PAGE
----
The Argo, 1 Spinks, Eccl. & Adm. Rep. 375, Spinks Prize Cases, 52, so much relied on by counsel, was an entirely different case from that presented by this record. The Argo was a vessel belonging to a Russian owner, sailing under Russian colors, and bound on a voyage from Havana to Cork. Her charter party bore date February 7 at Havana, but it was therein stipulated that she should load at Havana or Matanzas, demurrage not to be paid for forty-two running days. She took on sufficient ballast at Havana to keep her safe, and left there in February for Matanzas, where her cargo was begun to be put on board February 28, and was completed on March 30, and she cleared from that port April 2. March 29, 1854, the British order in council, printed in the margin [1] was issued. Dr. Lushington, adhering to the views he had expressed in The Phoenix, 1 Spinks, Eccl. & Adm. Rep. 306, 310, Spinks Prize Cases, 1, held that the order did not contemplate that the vessel should be laden at the date of sailing, and that the voyage was commenced at Havana to end in Great Britain, notwithstanding she took cargo at Matanzas.

It was argued that the Pedro was not liable to capture and condemnation because British subjects were the legal owners of some and the quitable owners of the rest of the stock of La Compania la Flecha, and because the vessel was insured against risks of war by British underwriters. But the Pedro was owned by a corporation incorporated under the laws of Spain; had a Spanish registry; was sailing under a Spanish flag and a Spanish license; and was officered and manned by Spaniards. Nothing is better settled than that she must, under such circumstances, be deemed to be a Spanish ship, and to be dealt with accordingly. Story, Prize Courts (Pratt's) ed.)' 60, 66, and cases cited; The Friendschaft, 4 Wheat. 105, 4 L. ed. 525; The Ariadne, 2 Wheat. 143, 4 L. ed. 205; The Cheshire, 3 Wall. 231, sub nom. The Cheshire v. United States, 18 L. ed. 175; Hall. Int. Law, § 169.

These stockholders were in no position to deny that, when they elected to take the benefit of Spanish navigation laws and the commercial profits to be derived through discriminations thereunder against ships of other nations, they also elected to rely on the protection furnished by the Spanish flag. Nor can the alleged intention to restore the Pedro to British registry, if war rendered the change desirable, be regarded. That had not been done when the Pedro was captured.

In conclusion, we are of opinion that the court below did not err in refusing to allow further proofs to be taken. The Spanish ownership was made out, and the facts that the stock of the corporation belonged legally or equitably to British subjects, or that the loss of the vessel would be eventually borne by British underwriters, were immaterial. Nor was there any doubt as to the movements of the Pedro and the trading in which she was actually engaged. The conclusion reached by the district court could not have been affected by the further proofs desired to be taken.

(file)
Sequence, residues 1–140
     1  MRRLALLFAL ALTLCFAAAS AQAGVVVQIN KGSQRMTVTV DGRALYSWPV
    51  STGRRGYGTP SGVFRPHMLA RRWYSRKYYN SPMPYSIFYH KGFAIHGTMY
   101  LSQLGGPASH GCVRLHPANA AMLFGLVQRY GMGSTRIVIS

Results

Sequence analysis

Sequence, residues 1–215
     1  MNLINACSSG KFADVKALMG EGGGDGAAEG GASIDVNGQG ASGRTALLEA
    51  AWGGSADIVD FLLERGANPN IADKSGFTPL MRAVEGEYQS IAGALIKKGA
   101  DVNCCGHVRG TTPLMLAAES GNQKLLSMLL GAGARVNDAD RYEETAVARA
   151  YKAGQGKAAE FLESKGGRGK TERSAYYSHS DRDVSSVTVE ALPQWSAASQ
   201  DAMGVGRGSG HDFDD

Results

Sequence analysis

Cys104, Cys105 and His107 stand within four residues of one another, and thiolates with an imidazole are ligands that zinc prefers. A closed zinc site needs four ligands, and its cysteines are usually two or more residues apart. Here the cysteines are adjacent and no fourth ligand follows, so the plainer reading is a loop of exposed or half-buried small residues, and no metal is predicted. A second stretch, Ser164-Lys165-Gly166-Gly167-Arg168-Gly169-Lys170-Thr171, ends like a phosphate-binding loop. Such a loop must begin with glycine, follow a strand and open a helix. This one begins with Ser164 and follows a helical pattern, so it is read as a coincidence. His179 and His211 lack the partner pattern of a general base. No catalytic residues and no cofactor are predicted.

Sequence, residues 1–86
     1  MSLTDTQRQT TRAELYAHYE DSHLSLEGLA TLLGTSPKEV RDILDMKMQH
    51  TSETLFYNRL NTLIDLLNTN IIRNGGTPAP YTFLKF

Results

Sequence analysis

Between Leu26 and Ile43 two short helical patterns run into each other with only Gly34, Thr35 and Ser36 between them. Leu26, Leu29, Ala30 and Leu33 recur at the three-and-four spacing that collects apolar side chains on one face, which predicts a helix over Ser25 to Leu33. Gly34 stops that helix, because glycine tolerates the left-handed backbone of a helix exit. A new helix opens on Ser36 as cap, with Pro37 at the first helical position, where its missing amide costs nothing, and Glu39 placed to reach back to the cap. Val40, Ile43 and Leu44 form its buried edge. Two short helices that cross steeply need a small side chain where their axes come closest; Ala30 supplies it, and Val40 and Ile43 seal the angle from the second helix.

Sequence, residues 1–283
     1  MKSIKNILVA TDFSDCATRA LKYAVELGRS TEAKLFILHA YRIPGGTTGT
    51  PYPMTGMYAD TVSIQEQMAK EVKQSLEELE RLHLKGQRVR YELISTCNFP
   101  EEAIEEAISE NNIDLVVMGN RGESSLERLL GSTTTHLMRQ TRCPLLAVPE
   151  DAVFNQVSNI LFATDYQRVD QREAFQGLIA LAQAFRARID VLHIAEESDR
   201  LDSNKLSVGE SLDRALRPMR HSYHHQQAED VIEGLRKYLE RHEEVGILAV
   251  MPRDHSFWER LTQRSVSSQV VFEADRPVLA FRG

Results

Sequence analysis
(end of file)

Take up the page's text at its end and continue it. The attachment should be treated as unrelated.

Decree affirmed.

Mr. Justice White, with whom concur Mr. Justice Brewer, Mr. Justice Shiras, and Mr. Justice Peckham, dissenting:


^1  'Her Majesty, being compelled to declare war against his Imperial Majesty the Emperor of all the Russias, and being desirous to lessen as much as possible the evils thereof, is pleased, by and with the advice of her Privy Council, to order, and it is hereby ordered, that Russian merchant vessels, in any ports or places within her Majesty's dominions, shall be allowed until the 10th day of May next, six weeks from the date hereof, for loading their cargoes and departing from such ports or places; and that such Russian merchant vessels, if met at sea by any of her Majesty's ships, shall be permitted to continue their voyage, if on examination of their papers it shall appear that their cargoes were taken on board before the expiration of the above term: Provided, that nothing herein contained shall extend to or be taken to extend to Russian vessels having on board any officer in the military or naval service of the enemy, or any article prohibited or contraband of war, or any despatch of or to the Russian government.

'And it is hereby further ordered by her Majesty, by and with the advice of her Privy Council as aforesaid, that any Russian merchant vessel which, prior to the date of this order, shall have sailed from any foreign port bound for any port or place in her Majesty's dominions, shall be permitted to enter such port or place, and to discharge her cargo, and afterwards forthwith to depart without molestation, and that any such vessel, if met at sea by any of her Majesty's ships, shall be permitted to continue her voyage to any port not blockaded.'

This work is in the public domain in the United States because it is a work of the United States federal government (see 17 U.S.C. 105).